Atzmon's second novel, My One and Only Love was published in 2005, and features as a protagonist a trumpeter who chooses to play only one note (extremely well) as well as a spy who uncovers Nazi war criminals and locks them inside double bass cases which then tour permanently in the protagonist's orchestra's luggage. The book also is comedic take on "Zionist espionage and intrigue" which explores "the personal conflict between being true to one's heart and being loyal to The Jews".
The Wandering Who?:
In 2011, Zero Books published Atzmon's book The Wandering Who? A Study of Jewish Identity Politics whose publisher states the book "examines Jewish identity politics and Jewish contemporary ideology using both popular culture and scholarly texts." Five academics, a journalist and an author were quoted in blurbs in the front of the book. John Mearsheimer of the University of Chicago wrote that "Gilad Atzmon has written a fascinating and provocative book on Jewish identity in the modern world" and that the book "should be widely read by Jews and non-Jews alike." Richard Falk wrote it was "absorbing and moving" book that everyone who "cares about real peace" should "not only read, but reflect upon and discuss widely." James Petras wrote that the book is "a series of brilliant illuminations and critical reflections on Jewish ethnocentrism and the hypocrisy of those who speak in the name of universal values and act tribal" which "uncovers the links between Jewish identity politics in the Diaspora with their ardent support for the oppressive policies of the Israeli state." He also wrote that Atzmon "has the courage to...speak truth to the power of highly placed and affluent Zionists who shape the agendas of war and peace in the English-speaking world."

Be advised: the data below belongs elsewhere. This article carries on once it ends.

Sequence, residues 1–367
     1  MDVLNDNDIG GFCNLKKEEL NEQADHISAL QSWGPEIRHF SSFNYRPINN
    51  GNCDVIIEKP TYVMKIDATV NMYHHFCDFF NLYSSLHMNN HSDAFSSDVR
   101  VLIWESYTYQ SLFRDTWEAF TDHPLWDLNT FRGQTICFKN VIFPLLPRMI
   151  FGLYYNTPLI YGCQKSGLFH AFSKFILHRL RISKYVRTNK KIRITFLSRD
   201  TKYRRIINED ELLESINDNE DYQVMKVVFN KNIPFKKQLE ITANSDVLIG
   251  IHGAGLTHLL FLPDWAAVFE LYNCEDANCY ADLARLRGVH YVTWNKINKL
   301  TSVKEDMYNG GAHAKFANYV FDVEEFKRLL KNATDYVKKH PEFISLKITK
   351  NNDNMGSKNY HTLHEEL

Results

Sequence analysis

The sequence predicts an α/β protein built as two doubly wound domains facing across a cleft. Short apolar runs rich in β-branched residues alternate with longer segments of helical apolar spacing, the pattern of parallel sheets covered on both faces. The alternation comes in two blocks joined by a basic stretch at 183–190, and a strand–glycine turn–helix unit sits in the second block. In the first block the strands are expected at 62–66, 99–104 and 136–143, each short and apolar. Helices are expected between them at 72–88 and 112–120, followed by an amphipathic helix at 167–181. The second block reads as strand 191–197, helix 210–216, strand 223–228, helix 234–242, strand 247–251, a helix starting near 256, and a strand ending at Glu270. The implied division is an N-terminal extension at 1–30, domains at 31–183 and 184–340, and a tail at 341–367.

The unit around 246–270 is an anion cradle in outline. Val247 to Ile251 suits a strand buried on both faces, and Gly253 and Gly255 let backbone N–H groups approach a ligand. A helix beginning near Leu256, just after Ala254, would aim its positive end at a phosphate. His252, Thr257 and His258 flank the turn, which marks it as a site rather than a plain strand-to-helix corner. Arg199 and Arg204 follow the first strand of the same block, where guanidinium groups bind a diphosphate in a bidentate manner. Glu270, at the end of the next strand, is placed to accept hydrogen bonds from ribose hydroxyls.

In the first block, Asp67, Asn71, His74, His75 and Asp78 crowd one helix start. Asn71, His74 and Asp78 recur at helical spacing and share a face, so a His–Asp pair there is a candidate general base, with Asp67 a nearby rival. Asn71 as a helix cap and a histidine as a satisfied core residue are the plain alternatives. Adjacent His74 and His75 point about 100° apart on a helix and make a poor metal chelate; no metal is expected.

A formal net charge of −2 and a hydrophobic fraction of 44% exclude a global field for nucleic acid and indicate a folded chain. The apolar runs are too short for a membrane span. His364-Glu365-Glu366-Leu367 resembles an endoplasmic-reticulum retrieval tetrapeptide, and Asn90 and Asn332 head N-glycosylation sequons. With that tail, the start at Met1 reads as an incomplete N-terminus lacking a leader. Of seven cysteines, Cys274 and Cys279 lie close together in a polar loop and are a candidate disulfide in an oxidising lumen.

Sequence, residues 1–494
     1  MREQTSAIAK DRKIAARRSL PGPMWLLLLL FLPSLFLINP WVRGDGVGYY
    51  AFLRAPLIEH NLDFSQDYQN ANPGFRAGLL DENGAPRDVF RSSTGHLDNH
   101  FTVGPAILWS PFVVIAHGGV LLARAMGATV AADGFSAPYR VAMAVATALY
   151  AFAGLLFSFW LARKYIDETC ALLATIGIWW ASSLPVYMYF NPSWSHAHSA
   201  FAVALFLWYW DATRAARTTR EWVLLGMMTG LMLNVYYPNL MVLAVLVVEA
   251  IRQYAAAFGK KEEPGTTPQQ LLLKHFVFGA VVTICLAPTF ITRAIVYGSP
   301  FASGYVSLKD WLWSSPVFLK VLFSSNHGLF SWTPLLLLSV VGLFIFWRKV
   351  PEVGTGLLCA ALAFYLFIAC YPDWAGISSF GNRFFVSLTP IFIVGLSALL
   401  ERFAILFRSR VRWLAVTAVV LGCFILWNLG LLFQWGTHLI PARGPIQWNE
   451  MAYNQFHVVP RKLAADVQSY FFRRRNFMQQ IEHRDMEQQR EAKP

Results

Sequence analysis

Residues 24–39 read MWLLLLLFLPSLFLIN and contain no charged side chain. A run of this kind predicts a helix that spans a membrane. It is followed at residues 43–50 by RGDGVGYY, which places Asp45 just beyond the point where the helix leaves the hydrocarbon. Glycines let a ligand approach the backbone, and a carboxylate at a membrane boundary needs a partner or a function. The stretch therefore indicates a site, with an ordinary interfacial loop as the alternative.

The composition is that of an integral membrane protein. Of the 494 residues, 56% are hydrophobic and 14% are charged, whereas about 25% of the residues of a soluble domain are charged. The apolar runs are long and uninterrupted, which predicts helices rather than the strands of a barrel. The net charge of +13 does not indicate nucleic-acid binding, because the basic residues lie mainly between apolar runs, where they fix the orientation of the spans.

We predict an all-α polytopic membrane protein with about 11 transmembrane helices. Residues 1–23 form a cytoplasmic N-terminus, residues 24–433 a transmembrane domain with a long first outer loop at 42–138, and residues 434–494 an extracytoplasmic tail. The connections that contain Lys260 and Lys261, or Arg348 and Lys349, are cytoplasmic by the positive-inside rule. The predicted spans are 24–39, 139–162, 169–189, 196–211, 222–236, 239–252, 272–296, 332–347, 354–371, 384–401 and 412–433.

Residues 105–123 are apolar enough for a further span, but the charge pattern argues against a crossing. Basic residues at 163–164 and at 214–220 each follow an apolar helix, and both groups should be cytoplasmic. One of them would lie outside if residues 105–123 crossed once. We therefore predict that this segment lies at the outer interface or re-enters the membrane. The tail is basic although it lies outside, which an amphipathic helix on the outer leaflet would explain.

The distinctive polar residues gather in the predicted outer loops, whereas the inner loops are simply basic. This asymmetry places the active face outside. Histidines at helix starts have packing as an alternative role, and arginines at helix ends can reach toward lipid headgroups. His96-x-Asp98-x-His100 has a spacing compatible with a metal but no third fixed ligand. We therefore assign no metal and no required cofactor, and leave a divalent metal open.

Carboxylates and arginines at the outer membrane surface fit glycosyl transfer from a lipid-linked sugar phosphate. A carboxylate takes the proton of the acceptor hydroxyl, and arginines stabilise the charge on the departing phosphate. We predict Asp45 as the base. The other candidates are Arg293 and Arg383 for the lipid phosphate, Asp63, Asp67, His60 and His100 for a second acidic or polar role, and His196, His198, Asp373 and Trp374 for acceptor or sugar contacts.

Ten anti-Zionist authors, including Laurie Penny and Richard Seymour, all of whom have also been published by Zero Books, publicly condemned the publisher in an open letter for releasing the book. They signed a statement arguing: